Tea chest

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Two women in London carry a tea chest to a wagon, 1943

A tea chest is a type of wooden case originally produced and used to ship tea to the United Kingdom, Australia, and New Zealand. The conventional tea chest is a case with riveted metal edges, of approximate size 500 by 500 by 750 millimetres (20 by 20 by 30 in).

The term is now used more widely to indicate similarly-sized cases, including cardboard cases, produced for various home and commercial uses.

Wooden tea caddies are also occasionally referred to as "tea chests".


A tea chest holds 42 to 58 kilograms of tea;[1] the size depends on the origin and client. Sizes vary from 400×400×620 to 500×500×750 mm.

The traditional construction was of very thin wood held at the edges with metal edges, riveted to the sheets. Internally, tea chests were often lined with metal foil, and strengthened with inch-by-inch boards at the edges.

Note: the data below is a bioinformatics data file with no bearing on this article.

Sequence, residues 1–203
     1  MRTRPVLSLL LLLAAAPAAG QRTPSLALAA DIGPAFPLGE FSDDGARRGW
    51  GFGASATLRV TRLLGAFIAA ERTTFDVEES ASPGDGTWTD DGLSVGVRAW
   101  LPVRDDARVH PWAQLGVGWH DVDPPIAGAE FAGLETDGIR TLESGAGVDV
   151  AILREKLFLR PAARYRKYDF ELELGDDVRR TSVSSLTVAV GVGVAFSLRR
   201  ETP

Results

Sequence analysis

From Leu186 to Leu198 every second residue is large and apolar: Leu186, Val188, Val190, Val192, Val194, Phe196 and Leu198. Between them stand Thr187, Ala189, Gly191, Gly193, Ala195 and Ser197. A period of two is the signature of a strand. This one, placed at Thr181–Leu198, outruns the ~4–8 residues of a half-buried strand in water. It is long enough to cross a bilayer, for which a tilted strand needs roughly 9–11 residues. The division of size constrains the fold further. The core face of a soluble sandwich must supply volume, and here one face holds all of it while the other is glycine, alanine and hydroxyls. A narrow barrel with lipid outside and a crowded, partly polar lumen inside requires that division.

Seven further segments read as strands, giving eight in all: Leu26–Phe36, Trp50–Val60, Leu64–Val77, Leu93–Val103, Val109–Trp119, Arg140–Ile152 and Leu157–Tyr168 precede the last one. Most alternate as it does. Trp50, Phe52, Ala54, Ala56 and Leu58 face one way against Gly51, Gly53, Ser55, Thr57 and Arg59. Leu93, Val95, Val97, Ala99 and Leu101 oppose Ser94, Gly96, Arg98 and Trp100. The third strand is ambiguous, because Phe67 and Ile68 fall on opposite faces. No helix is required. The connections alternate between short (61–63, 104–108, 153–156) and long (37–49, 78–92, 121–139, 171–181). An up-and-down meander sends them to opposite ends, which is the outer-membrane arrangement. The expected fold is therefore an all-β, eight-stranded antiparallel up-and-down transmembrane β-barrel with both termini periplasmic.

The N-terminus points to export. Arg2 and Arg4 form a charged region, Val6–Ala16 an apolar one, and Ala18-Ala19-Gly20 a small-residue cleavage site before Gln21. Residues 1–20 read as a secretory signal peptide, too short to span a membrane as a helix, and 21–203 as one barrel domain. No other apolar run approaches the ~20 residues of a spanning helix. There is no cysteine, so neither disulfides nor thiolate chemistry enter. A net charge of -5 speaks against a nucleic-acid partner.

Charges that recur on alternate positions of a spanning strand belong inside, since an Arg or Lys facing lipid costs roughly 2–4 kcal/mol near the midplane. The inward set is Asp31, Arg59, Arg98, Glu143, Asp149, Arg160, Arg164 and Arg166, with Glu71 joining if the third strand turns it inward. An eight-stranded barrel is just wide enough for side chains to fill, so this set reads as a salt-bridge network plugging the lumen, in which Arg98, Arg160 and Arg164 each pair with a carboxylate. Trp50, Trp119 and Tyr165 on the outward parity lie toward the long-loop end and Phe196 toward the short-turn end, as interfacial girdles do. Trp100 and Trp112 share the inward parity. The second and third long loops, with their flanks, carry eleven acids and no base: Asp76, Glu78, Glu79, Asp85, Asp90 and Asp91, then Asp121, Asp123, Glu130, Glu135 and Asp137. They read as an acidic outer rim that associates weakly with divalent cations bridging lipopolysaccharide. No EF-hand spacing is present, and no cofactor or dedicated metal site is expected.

The foil was stated as lead in a Bushell's 1925 advertisement[2] but later changed to aluminium foil.

Tea chests were one-trip affairs, so they were generally sold for non-food use.

During the 1950s throughout the UK, tea chests began to be used as basic basses in skiffle groups, such as the Quarrymen.[citation needed]

See also


  1. The Economist, (UK Magazine) (1994). Desk Companion. London: Penguin. p. 31. ISBN 0 241 00265 6.
  2. "Bushells Blue Label Tea: Bushells Tea Factory". National Film and Sound Archive. 1925. Retrieved 17 February 2014.